A unique inspirational novel!
At thirty-eight, Rafael compared himself to Sisyphus, pushing a rock up a hill only to start again the next day as he works as an adjunct professor. Suddenly, his father dies and he reaches his breaking point. Without a real home, he begins to feel his profession is a joke and he himself is disposable. He leaves San Diego for the tropical Island of Okinawa unsure if he will ever return. He wonders if he as committed career suicide and if he could find work if he does. To make it worse, in Okinawa, when he is alone, he begins to see images of his dead friends and relatives, has dream that forces him to face his past. Will the past of Okinawa, the site of one of the bloodiest battle of World War two, and the home of “The Happy Immortals,” heal him?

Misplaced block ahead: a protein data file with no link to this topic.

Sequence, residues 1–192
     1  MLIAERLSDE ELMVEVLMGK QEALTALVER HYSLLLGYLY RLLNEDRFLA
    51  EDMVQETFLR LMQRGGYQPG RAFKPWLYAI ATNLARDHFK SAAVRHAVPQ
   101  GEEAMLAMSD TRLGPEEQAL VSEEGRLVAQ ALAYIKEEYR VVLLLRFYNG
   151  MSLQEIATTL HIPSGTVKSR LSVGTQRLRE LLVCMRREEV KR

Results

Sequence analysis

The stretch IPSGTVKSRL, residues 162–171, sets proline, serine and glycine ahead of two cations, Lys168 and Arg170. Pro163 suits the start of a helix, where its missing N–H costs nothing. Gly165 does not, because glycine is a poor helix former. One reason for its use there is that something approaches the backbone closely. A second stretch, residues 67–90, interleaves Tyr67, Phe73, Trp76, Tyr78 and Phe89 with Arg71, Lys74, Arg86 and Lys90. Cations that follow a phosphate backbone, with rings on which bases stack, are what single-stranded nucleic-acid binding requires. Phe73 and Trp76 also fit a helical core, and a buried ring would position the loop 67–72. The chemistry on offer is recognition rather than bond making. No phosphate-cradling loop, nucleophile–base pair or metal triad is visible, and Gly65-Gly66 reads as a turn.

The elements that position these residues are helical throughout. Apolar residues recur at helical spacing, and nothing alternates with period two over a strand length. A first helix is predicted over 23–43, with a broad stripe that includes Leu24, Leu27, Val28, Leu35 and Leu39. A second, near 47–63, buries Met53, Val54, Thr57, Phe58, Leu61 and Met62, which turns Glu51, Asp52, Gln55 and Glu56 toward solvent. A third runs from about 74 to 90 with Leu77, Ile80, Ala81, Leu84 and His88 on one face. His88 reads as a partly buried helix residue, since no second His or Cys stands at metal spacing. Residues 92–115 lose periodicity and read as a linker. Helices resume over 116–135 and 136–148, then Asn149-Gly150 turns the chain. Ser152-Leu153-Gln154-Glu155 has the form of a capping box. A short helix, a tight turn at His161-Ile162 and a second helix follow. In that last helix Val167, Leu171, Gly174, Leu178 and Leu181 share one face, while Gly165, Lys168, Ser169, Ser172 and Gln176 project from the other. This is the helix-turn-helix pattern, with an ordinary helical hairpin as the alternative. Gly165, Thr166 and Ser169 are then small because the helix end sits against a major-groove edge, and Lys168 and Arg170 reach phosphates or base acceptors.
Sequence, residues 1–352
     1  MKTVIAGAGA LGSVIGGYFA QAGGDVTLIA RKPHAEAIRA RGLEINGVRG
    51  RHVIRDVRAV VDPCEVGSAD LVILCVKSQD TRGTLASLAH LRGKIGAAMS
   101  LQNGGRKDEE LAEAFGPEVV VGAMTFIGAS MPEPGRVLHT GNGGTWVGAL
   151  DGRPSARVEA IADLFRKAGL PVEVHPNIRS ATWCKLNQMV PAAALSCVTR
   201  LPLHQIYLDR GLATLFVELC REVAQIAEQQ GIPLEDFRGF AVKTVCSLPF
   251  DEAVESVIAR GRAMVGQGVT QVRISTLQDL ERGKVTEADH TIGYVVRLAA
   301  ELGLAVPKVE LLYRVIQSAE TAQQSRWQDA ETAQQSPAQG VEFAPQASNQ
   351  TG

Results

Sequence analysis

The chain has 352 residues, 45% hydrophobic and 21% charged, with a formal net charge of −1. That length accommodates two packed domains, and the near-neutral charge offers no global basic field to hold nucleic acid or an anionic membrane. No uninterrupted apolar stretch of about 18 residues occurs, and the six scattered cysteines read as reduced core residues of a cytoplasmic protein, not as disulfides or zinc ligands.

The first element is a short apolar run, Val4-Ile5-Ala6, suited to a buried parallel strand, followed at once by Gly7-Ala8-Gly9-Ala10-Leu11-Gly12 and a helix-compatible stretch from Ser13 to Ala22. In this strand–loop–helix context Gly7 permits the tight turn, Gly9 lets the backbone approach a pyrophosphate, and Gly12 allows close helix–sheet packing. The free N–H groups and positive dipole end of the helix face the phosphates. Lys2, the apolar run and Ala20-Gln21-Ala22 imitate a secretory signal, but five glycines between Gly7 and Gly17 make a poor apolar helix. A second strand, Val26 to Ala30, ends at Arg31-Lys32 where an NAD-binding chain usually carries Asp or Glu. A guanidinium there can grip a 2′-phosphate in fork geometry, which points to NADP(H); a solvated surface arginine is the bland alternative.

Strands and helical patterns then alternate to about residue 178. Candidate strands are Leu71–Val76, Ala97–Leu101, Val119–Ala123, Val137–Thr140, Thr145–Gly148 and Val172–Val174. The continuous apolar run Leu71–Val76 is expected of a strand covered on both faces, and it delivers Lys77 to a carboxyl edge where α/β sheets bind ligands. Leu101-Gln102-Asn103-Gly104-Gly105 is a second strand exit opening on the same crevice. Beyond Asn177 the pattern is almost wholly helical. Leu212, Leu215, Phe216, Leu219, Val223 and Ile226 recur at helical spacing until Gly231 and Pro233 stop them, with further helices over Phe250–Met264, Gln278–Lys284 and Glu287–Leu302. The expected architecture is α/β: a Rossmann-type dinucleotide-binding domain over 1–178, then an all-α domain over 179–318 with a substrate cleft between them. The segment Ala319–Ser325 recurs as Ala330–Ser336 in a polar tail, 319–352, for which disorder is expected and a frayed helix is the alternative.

What is your dream and how much is it worth to you?
Rafael’s is to learn as much as he can of martial arts so heads out by train to see if he can have a modern Musha Shugyo. On the way, he meets various martial artists who teach him. Through the trip, he realizes the sacrifice his parents made and how he is the result of a successful American Dream.
Imagine a doctor and clinical anatomist using kata to point out disabling defenses then giving you the medical data for evidence.
Forms, or Kata in Japanese, have been used around the world to train warriors since antiquity, today, neuro-science states that there is no better way to teach as they make learning fighting techniques faster.
As Pinan Shodan has a recent history (starting in 1901) and is seen in Okinawan, Mainland Japan (Heian Nidan), Korea (Pyong-ang), and many other martial arts it was used to make generalizations about other forms.
The maxims state that Pinan Shodan should be used only as a last resort...